TV Cream

TV: U is for...

Upstairs, Downstairs

"I've had a look at next week's script Johnny, and - *sobs* - we've only got six pages of dialogue!" Rissole Hartley not pictured

THE IMPERIAL Leather of costume soap combining the best and worst of rich people and their servants with lots of dressing up, elegant living and snatches of well-honed period detail. JEAN MARSH, who played Rose the maid, dreamt up the Bellamy family and their well-appointed pad at 165 Eaton Place, London. Lining up for the aristos were RACHEL GURNEY as Lady Marjorie who went down with the Titanic and was replaced by a dapper HANNAH GORDON as Virginia Hamilton, second wife of Lord Richard Bellamy (DAVID LANGTON), a well-meaning but fundamentally useless politician. Spoilt-brat kids parts were taken by SIMON “AGONY” WILLIAMS, NICOLA PAGETT and LESLEY-ANNE DOWN. Below stairs was where they had all the fun. GORDON “CI5” JACKSON was Hudson the grumpy butler and ANGELA BADDELEY was Mrs Bridges the cook with a bad chest. Additional bowing and scraping from Sarah the maid (PAULINE COLLINS) and Thomas the chauffeur (JOHN ALDERTON) who went on to do a lousy spin-off series of their own, and assorted footmen (including CHRISTOPHER BEENY), scullery maids, seat-wipers and candle sharpeners ensured that there was always coal on the fire and that the posh folk never went short of a cup of tea when they pulled on the silk sash next to the fireplace. All major historic events from World War I to the Wall Street Crash found their way into the storylines and in true soapy style the Bellamys had more than their fair share of disasters and scandals to contend with. Meanwhile in the kitchen or attic the servants were struggling to control their reproductive urges, fending off unwanted advances from Young Mr Bellamy and trying to live up to the morally sound, upstanding, salt-of the-earth behaviour that the melodramatic scripts required. Much imitated (and in some cases reheated – Jean Marsh was also responsible for The House of Elliott) but probably never bettered. A new three-part run was commissioned for Christmas 2010… on BBC1. Set in 1936, Jean Marsh returned, as did Gordon Jackson’s handwriting (on a key fob). The comma in the title, however, didn’t make it into the new era.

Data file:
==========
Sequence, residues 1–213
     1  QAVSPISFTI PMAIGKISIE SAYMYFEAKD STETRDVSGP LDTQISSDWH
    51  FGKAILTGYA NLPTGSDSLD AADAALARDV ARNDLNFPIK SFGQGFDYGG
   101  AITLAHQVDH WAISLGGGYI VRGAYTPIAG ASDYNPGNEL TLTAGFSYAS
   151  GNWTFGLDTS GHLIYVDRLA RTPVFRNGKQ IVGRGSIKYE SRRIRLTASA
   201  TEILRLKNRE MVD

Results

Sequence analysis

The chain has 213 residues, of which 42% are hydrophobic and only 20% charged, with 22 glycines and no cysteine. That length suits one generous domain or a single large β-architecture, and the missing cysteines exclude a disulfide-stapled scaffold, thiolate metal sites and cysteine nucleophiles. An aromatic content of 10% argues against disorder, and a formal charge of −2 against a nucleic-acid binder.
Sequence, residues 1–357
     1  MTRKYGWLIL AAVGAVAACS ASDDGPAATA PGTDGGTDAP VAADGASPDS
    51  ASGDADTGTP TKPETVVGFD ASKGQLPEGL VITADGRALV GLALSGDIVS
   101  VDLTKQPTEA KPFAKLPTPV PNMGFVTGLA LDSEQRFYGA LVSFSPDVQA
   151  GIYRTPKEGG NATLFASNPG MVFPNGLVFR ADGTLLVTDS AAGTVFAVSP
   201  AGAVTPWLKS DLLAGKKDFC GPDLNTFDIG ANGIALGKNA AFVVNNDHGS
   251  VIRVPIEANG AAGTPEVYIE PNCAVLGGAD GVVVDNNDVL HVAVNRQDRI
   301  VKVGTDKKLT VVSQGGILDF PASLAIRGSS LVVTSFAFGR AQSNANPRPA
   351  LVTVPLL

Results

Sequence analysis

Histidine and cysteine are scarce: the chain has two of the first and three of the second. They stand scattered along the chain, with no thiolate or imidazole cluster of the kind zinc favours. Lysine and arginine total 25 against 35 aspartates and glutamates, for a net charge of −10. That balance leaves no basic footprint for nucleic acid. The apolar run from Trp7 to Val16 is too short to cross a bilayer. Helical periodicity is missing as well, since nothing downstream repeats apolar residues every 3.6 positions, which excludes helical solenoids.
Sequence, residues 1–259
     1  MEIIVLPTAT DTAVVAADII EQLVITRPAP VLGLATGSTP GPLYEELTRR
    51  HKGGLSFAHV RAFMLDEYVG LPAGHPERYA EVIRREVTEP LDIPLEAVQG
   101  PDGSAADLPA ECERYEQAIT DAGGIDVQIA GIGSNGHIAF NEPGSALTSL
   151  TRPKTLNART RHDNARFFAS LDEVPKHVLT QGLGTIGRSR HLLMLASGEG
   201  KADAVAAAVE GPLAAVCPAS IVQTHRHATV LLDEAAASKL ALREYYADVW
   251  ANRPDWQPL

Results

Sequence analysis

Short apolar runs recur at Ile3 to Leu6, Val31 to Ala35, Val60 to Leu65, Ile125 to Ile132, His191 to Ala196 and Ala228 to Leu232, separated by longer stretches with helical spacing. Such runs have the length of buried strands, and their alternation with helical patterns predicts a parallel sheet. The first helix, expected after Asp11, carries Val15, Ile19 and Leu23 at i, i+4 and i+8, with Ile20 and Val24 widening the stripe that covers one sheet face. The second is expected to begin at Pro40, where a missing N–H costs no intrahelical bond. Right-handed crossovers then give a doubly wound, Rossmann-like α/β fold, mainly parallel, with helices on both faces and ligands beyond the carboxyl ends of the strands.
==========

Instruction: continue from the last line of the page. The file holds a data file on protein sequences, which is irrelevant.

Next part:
Hannah waits for word of this week's Topical News StorySu Pollard nurses dreams of becoming a YellowcoatPauline inaugurates the LWT branch of Torchwood



  1. paulus

    May 29, 2010 at 4:39 pm

    My mum loved it… the only thing I now remember was some women getting implied ‘ drunken sausage action’ (from one of the later Bond Blofelts) in the attic because her husband didnt believe in sex (or danced with men or something)…. Amazing. I was probably about 5, why I can recall that scene in context 35 years later will now not allow me to sleep for a decade.
    I bet dinosaurs didnt have this problem.

  2. borgduck

    August 11, 2011 at 7:53 pm

    Can’t get enough of Lesley-Anne Downs!

  3. Richardpd

    December 13, 2023 at 11:24 pm

    At first ITV didn’t have much faith in this series, leaving it on the shelf before showing it at 10PM on a Sunday night.

    Due to a strike by technicians the early episodes were made in black & white, but the pilot was later remade in colour.

Leave a Reply

Your email address will not be published. Required fields are marked *

To Top